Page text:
By Henry Redman

With just months remaining before the 2022 election cycle begins in earnest, the court battle over Wisconsin’s new political maps continued on Tuesday as voters and Republican members of Congress attempted to sway how the state Supreme Court will draw new districts. 

On Tuesday, a group of 36 “concerned voters” from all 33 state Senate districts filed an amicus brief in Johnson v. Wisconsin Elections Commission seeking to show that citizens from across the state and with differing political views want maps that are fair and allow equal representation for all Wisconsinites — conditions they say aren’t met by the current maps or the ones proposed by legislative Republicans.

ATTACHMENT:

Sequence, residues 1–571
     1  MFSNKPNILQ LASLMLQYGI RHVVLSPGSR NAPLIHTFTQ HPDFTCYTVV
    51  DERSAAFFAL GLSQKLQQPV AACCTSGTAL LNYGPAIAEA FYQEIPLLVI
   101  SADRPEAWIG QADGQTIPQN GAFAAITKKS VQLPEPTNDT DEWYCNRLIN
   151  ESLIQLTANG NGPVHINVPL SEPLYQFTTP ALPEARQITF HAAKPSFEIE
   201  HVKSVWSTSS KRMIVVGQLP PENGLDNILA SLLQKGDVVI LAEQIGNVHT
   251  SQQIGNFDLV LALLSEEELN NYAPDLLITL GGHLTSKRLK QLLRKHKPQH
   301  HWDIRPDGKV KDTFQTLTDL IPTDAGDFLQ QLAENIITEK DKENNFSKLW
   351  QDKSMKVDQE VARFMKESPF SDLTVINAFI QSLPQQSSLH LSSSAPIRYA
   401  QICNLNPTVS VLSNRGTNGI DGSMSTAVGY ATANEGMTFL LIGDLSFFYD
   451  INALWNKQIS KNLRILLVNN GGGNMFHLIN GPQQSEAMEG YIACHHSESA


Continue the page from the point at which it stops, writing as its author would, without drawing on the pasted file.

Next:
“The Concerned Voters of Wisconsin further bring a unique perspective to this case — that of everyday Wisconsin voters,” the voters’ attorney, Joseph Goode, wrote in the motion to the court seeking to have the brief accepted. “They represent no political party, and indeed are from both major political parties as well as independent voters, with differing levels of political engagement. Although some are affiliated with organizations, they come before this Court as individual voters expressing their personal views. They are not in power seeking to stay in power, nor are they out of power seeking to be in power. They are not being paid for what they do. Even their lawyers are working pro bono to ensure their voice is heard. The only benefit these amici seek is the same benefit they ask for everyone living in Wisconsin: a just and representative government.” 

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